Dismissing A Bankruptcy Case: Can It Be Done?
In life, we tend to change our minds about a lot of things. That’s true also in the law; many times people file lawsuits and then later decide they don’t want to continue pursuing the lawsuit. But can you do that with a bankruptcy? If something changes, or you change your mind can you just dismiss your bankruptcy?
Why Dismissing Isn’t So Easy
Unlike many kinds of lawsuits that do allow you to just dismiss your case or lawsuit whenever you want, doing that is not so easy when you file for bankruptcy.
The problem with dismissing a bankruptcy is that courts are concerned that the bankruptcy system could be easily abused if that were to happen.
For example, a debtor could file a bankruptcy, and accidentally show creditors that the debtor has assets, and then just dismiss the case, keeping the creditors from getting to those assets. A debtor could file a case, realize that an asset was going to be taken, dismiss the case, and then get rid of that asset.
In some cases, a debtor tries to conceal an asset from the bankruptcy court–but then fails, when the asset is discovered. Intentional concealment of property from a bankruptcy court is a crime. The law doesn’t allow someone to evade a potential crime simply by dismissing a bankruptcy case.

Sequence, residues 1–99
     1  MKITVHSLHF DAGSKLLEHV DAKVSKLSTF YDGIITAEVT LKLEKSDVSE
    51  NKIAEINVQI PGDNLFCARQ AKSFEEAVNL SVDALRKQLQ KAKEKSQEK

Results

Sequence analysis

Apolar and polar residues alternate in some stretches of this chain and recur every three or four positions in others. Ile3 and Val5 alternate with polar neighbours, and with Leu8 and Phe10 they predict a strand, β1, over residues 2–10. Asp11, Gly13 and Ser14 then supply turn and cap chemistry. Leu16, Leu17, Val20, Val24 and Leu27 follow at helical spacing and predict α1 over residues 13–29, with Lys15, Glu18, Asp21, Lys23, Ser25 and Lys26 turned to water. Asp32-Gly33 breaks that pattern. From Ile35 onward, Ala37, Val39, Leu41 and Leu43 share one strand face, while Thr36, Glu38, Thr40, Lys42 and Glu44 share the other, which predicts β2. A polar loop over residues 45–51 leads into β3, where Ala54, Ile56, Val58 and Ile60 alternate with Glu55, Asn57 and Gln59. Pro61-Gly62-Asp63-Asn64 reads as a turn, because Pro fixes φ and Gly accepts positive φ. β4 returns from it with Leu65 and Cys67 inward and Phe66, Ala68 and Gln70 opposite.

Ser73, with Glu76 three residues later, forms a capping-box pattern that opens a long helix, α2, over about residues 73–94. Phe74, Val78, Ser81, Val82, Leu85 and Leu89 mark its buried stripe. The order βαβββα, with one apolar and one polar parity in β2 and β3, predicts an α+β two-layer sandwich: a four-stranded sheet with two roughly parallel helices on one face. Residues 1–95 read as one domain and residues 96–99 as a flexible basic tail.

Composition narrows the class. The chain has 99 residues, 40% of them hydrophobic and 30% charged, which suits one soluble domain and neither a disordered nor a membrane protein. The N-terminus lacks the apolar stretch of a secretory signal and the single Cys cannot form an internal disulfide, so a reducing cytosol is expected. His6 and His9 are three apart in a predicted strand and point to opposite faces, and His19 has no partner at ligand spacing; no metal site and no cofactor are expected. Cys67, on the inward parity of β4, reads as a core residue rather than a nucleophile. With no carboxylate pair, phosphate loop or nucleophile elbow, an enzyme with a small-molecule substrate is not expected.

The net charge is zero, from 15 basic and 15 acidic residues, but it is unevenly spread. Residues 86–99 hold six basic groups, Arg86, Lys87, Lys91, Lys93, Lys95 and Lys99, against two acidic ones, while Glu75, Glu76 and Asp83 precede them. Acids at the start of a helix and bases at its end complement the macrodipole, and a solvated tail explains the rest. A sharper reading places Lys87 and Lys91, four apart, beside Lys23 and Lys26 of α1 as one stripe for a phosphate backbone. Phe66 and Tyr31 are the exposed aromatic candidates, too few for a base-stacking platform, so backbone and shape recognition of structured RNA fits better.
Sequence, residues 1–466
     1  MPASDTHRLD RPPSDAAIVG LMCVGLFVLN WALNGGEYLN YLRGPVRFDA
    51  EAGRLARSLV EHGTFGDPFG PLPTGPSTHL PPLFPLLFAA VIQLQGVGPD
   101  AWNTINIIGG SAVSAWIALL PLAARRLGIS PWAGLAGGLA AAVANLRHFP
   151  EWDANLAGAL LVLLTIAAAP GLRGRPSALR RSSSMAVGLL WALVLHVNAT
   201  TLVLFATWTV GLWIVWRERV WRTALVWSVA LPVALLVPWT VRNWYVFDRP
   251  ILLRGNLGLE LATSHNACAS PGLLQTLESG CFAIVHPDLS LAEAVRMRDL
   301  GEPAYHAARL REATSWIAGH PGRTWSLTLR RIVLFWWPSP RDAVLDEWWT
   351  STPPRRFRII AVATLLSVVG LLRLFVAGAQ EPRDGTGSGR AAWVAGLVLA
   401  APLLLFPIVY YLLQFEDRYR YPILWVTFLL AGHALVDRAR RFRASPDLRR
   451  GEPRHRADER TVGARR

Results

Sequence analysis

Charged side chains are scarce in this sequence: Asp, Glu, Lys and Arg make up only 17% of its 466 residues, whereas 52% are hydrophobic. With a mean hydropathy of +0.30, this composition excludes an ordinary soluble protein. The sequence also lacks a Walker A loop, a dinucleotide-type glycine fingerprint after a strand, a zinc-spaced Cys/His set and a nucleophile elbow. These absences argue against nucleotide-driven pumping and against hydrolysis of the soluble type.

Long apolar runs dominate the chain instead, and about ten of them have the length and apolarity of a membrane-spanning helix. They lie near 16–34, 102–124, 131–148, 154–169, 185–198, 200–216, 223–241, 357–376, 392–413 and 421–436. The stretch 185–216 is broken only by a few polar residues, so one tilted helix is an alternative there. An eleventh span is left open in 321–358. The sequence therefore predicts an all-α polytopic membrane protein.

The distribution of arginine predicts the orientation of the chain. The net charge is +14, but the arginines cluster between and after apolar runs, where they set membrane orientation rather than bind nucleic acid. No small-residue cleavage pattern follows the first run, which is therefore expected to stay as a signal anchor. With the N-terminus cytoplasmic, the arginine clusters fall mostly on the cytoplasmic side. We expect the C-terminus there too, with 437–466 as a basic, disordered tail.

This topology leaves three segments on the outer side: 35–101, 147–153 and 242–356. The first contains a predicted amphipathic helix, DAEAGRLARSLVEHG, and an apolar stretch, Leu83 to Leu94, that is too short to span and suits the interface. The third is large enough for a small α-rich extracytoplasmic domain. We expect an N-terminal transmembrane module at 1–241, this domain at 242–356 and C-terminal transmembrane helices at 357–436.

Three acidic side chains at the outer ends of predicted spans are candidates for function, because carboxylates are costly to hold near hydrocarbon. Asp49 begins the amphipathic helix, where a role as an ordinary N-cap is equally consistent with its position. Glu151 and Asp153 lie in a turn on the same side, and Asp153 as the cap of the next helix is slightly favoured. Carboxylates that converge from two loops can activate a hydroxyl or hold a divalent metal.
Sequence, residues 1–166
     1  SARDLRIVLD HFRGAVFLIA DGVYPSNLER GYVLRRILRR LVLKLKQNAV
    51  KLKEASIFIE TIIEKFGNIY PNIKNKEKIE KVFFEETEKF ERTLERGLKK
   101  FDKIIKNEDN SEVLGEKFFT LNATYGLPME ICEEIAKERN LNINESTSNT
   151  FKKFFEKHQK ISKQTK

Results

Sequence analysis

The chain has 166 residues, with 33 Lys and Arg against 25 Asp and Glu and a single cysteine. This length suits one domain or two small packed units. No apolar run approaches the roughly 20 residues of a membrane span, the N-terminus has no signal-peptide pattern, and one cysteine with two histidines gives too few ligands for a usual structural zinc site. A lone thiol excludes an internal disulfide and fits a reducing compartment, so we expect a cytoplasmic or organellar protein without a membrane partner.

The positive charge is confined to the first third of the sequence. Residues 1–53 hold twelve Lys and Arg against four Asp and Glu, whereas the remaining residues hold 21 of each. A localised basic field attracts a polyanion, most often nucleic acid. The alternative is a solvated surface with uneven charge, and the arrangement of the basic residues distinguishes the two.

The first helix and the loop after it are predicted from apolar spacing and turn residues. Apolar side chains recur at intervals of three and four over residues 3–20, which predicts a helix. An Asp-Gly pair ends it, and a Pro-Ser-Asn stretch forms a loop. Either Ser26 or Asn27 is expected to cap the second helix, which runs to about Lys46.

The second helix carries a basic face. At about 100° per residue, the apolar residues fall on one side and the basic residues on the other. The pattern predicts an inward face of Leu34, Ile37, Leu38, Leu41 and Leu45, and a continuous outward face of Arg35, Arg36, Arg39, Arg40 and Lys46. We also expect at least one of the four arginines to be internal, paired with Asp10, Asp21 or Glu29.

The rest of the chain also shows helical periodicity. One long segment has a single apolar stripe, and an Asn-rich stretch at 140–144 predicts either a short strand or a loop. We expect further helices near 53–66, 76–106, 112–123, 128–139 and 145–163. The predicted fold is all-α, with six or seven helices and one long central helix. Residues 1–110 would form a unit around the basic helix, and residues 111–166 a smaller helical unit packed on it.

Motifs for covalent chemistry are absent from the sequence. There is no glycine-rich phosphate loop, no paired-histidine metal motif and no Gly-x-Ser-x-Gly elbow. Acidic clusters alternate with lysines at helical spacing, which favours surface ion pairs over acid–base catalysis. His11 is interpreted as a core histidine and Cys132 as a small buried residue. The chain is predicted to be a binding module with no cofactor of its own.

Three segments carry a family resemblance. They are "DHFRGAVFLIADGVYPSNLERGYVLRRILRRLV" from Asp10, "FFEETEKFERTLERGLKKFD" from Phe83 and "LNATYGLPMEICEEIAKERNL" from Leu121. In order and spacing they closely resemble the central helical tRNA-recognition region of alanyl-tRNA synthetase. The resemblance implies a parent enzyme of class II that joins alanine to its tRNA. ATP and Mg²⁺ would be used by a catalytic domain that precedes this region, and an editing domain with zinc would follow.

Even if you are allowed to dismiss your case—and you are, sometimes allowed to do so—when you refile, you often will not get the benefit of the automatic stay, a huge reason why many people file for bankruptcy.
The best strategy to avoid even having to dismiss a bankruptcy is to discuss your entire financial situation with your bankruptcy attorney, and make the strategic decision to file or not to file your bankruptcy case, and to discuss how you will handle any assets that could potentially be taken by a court.
Remember that if something unexpected does happen, and you have concern that property could be taken that you don’t want taken, you also may have the option to convert your case to a Chapter 13, in which case your property is not taken. This is often a much better and viable alternative to dismissing your bankruptcy case.
Dismissing Chapter 13 Cases
If you start off your case as a Chapter 13 bankruptcy, you can opt to dismiss your case, so long as the case did not start off as a Chapter 7 and then convert to a Chapter 13. In Chapter 13, when you are making payments, a court cannot legally compel you to continue making payments if you no longer want to (of course, there may be other negative consequences of dismissing a Chapter 13 case, but it legally can be done).
Contact the Boca Raton bankruptcy attorneys at the Law Offices of Stephen Orchard at 561-455-7961 today for help getting your bankruptcy right the first time around.